Miss Representation: An Interview with Writer/Producer Jennifer Siebel Newsom

Women hold only 3% of clout positions in mainstream media. What’s wrong with this picture?

Women and media are a common topic of discussion in my close circles, as it’s something that we all care strongly about. Be it the role of female filmmakers in a male dominated industry or the portrayal of women in television and film, when it comes to my gender and the media there’s never a lack of things to talk about.

Here at EcoSalon, where we are steeped in both worlds, things are no different. So when a good friend in the film industry posted a link to a trailer for Miss Representation – a documentary that explores the misrepresentation of women in culture and media and how that influences the under representation of women in other realms, like politics and business – it got my attention immediately.

Constantly inundated with all forms of media on a practically 24/7 basis, it is rare that something truly moves me. Call it desensitized, but in the era of short audio and video clips it’s easy to scan, fast forward and move on. But this trailer was different. It gave me chills. It left me staring at the screen frustrated. Some statistics that I couldn’t get over:

While women have made great strides in leadership over the past few decades, the United States is still 90th in the world for women in national legislatures, women hold only 3% of clout positions in mainstream media, and 65% of women and girls have disordered eating behaviors.

And yet there was a sense of empowerment to be garnered; the sense that rallying together we can make serious change.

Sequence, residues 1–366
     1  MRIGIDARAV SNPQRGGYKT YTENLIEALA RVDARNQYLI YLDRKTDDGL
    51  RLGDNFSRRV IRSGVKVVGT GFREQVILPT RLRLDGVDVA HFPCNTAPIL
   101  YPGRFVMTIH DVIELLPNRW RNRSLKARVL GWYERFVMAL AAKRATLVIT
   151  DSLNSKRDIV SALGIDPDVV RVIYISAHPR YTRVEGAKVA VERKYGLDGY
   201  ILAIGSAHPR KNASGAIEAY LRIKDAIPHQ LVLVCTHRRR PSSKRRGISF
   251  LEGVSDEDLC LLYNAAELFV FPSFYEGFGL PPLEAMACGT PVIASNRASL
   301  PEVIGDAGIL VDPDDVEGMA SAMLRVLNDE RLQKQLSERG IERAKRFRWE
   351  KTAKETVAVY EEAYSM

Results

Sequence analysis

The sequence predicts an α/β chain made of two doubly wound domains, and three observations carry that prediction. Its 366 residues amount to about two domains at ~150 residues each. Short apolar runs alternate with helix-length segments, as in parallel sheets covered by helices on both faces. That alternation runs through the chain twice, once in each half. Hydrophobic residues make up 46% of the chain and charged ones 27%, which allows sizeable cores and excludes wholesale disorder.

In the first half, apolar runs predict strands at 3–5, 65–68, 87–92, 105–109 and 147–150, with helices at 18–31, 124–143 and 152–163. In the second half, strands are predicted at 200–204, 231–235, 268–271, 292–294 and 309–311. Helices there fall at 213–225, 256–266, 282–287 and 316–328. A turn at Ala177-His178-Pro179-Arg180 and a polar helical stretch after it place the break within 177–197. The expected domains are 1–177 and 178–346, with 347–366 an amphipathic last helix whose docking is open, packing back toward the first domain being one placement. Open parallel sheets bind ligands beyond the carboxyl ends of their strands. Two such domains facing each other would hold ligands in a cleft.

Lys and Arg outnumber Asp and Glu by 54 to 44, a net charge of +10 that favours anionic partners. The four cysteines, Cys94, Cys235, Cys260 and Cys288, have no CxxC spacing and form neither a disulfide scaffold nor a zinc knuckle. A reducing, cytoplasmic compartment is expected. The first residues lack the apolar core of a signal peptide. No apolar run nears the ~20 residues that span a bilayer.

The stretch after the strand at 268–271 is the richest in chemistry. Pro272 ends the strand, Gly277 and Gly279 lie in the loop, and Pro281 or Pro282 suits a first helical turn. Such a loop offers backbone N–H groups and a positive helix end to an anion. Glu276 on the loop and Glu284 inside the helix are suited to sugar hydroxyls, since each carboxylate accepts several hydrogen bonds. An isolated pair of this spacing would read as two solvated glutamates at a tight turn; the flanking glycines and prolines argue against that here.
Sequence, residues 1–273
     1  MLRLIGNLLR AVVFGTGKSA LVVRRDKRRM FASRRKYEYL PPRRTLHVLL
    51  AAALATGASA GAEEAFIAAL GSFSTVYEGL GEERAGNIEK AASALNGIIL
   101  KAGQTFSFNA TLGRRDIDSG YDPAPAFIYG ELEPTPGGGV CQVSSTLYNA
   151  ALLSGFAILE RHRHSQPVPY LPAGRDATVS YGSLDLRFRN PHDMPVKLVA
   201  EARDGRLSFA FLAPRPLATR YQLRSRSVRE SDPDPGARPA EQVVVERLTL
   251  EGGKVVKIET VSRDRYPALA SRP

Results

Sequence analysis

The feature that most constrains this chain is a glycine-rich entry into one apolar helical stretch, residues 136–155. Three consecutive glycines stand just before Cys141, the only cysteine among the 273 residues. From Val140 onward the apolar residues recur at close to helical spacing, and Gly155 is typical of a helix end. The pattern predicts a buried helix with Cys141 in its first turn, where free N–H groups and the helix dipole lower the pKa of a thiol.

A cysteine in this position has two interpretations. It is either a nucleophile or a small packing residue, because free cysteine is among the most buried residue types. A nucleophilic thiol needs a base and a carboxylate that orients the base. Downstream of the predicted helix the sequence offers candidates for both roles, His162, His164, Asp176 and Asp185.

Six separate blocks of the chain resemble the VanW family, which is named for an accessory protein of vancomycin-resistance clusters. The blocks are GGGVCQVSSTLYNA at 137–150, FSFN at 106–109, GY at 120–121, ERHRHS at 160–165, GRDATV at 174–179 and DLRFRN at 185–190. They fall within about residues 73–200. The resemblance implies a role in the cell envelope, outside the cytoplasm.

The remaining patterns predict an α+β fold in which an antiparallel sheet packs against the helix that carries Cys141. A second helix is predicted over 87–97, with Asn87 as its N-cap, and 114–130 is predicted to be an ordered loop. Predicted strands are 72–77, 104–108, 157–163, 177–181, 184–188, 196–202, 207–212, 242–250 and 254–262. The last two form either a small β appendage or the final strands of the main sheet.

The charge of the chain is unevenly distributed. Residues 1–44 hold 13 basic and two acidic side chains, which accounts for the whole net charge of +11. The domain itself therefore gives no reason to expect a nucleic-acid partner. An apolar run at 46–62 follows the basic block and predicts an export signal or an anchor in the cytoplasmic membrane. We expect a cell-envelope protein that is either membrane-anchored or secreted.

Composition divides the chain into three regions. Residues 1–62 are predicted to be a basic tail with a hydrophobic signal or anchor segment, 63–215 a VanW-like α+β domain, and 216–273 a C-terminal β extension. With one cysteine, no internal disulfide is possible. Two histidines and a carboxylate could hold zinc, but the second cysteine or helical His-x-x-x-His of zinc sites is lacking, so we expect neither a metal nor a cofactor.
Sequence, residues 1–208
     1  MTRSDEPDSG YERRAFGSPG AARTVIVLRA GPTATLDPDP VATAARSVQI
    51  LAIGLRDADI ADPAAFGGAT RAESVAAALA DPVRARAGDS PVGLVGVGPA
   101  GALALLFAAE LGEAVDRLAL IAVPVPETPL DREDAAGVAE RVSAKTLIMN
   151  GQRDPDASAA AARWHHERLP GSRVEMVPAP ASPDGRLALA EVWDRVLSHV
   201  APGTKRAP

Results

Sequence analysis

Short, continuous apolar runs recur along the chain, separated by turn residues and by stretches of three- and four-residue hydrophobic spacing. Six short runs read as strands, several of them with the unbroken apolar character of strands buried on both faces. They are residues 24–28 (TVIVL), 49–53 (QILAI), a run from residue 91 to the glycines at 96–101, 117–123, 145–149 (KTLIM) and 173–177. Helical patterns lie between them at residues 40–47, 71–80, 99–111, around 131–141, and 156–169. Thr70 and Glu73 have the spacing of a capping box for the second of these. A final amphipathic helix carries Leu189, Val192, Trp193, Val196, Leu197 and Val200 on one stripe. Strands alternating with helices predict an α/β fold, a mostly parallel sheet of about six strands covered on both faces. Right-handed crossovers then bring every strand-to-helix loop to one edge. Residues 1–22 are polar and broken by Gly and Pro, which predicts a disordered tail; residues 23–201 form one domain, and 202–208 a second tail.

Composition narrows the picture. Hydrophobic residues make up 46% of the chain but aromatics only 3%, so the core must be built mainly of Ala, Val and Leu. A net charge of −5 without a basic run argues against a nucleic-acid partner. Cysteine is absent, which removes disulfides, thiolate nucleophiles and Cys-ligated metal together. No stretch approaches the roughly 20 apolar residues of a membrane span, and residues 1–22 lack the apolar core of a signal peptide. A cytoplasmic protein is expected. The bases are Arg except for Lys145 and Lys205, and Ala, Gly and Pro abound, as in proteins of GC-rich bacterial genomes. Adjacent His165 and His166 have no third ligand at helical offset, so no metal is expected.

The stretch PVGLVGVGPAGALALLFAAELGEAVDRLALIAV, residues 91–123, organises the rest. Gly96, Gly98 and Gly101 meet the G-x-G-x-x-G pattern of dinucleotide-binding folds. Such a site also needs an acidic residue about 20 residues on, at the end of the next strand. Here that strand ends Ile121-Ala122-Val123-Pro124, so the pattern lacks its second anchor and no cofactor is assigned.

That’s the idea that the film’s writer and producer, Jennifer Siebel Newsom wants to get across. In between dealing with her daughter’s bout of pink eye and breast feeding her 4-month old son, she took time to talk about the inspiration behind the film and why she is driven to work on this question of women and their portrayal in the media.

In the entertainment industry since the age of 28, Siebel Newsom knows what she’s talking about, having seen the portrayal of women and its effects early on. “I was [already] very very concerned about what it would be like raising a child in our modern culture… I had a daughter and my concern increased,” says Siebel Newsom.

That concern was fueled even more during the 2008 presidential campaign. “[I] witnessed all the campaigns directed against Hilary Clinton and Sarah Palin and couldn’t help but recognize what was happening to them and what was happening to women aspiring towards leadership,” says Siebel Newsom, adding that those types of negative campaigns “would discourage anyone from aspiring to be a leader.”

Ultimately she saw the difficult cultural obstacles that women were up against, and tied them back to media. Why aren’t there more women in leadership roles? “It’s sort of a chicken and the egg, both the media and our culture don’t value women enough,” she says. That leads to an image that, as Siebel Newsom puts it, is “disparaging and hyper-sexualized and ultimately relays to the culture that that’s what women are.”

Which means women are up against some very difficult obstacles when it comes to changing these embedded values. “97% of what you see and hear comes from the male perspective, I’m not saying that it’s wrong but it’s a limited perspective,” Siebel Newsom says.